I fully believe that frame builders are craftspeople- artisans with knowledge of metallurgy or alchemy (for whatever their preferred medium)- and a talent of coaxing, shaping and working this preferred medium into something that likely does what many other bikes do while being more aesthetically pleasing than what is available from the big bike companies.  Is it better?  That is a matter of preference.  When you get a custom bike- you can get a braze-on here or a light mount there, or heck- even a front rack that has taco holders and a margarita bar built into it.  Maybe I’m lucky, but my body type is such that a stock bike will fit me well with the proper stem, seatpost, bars and saddle combination.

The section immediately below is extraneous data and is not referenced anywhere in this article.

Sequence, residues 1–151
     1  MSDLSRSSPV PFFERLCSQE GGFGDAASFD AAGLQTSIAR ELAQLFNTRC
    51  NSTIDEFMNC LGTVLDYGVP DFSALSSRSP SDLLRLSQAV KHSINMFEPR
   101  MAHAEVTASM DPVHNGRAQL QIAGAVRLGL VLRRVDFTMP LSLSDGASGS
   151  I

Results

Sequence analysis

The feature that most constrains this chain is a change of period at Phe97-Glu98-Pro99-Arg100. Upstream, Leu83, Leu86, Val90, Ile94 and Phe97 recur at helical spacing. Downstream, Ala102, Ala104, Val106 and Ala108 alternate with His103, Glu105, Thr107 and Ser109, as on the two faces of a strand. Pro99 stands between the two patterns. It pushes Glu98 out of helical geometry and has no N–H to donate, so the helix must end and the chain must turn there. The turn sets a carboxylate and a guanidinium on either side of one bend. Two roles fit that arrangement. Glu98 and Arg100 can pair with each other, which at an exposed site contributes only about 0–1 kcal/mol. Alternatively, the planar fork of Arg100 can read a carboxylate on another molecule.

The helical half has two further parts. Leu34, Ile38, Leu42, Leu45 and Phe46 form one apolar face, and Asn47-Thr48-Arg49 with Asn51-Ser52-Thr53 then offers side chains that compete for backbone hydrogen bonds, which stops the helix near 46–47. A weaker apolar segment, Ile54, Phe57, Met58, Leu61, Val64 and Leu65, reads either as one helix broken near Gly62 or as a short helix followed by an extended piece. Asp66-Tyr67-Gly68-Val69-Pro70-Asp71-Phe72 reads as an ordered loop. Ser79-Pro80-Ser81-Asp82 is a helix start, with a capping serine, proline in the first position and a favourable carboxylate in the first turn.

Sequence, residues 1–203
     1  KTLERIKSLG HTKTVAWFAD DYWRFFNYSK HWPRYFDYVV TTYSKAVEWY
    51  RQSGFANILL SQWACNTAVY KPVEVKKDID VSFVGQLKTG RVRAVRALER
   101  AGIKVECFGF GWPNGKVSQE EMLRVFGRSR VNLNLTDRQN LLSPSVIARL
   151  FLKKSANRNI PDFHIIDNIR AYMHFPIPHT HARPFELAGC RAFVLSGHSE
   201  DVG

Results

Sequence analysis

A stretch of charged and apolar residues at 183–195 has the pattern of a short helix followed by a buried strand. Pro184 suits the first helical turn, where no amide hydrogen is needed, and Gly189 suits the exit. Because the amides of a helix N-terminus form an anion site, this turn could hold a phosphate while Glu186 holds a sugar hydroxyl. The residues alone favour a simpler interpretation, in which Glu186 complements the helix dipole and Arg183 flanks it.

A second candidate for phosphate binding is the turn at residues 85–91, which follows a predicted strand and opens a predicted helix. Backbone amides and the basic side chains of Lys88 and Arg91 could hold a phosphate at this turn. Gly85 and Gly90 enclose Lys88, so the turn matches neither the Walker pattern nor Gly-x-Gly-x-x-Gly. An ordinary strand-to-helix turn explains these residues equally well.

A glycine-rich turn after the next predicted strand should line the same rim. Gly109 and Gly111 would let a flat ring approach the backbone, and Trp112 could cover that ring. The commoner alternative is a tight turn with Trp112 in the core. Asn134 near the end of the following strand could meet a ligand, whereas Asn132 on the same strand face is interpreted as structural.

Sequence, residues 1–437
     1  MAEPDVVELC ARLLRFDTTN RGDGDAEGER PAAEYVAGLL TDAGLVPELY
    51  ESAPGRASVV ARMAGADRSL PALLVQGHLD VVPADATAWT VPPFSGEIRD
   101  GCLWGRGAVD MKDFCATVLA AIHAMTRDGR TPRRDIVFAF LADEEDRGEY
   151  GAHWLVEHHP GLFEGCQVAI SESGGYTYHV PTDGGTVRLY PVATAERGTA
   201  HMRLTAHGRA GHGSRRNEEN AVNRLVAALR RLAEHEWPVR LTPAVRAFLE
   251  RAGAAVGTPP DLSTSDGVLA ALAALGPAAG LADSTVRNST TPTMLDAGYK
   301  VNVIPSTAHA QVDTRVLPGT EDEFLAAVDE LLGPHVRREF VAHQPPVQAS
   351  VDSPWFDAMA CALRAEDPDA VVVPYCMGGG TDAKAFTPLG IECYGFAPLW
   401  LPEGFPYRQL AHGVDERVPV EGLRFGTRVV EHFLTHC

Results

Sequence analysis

What makes a frame that someone spends $6000 and waits five years to purchase a better frame than a $2000 off the shelf bike?  Is it the fact that it’s custom?  Is it the fact that it was made locally?  Is it the brand?  Is it the fact that it has a bird on it?  I’m going to bet dollars to donuts that if a frame was really that much faster, stronger and lighter than- say a Trek or Specialized or any other big brand for that matter- then the big bike brand would be building the same bikes for $2000.  What you buy with your $6000 is a statement that you love bikes.  It is the pinnacle of nerdery.  It is status.  It may even get you laid in certain circles.  It says you know what you like and you get what you want.  It also makes the (unintentional for some, but not for others) statement that you can afford to have a bike built on a frame that costs more than half of what the income for an American living at the poverty level makes in a whole year.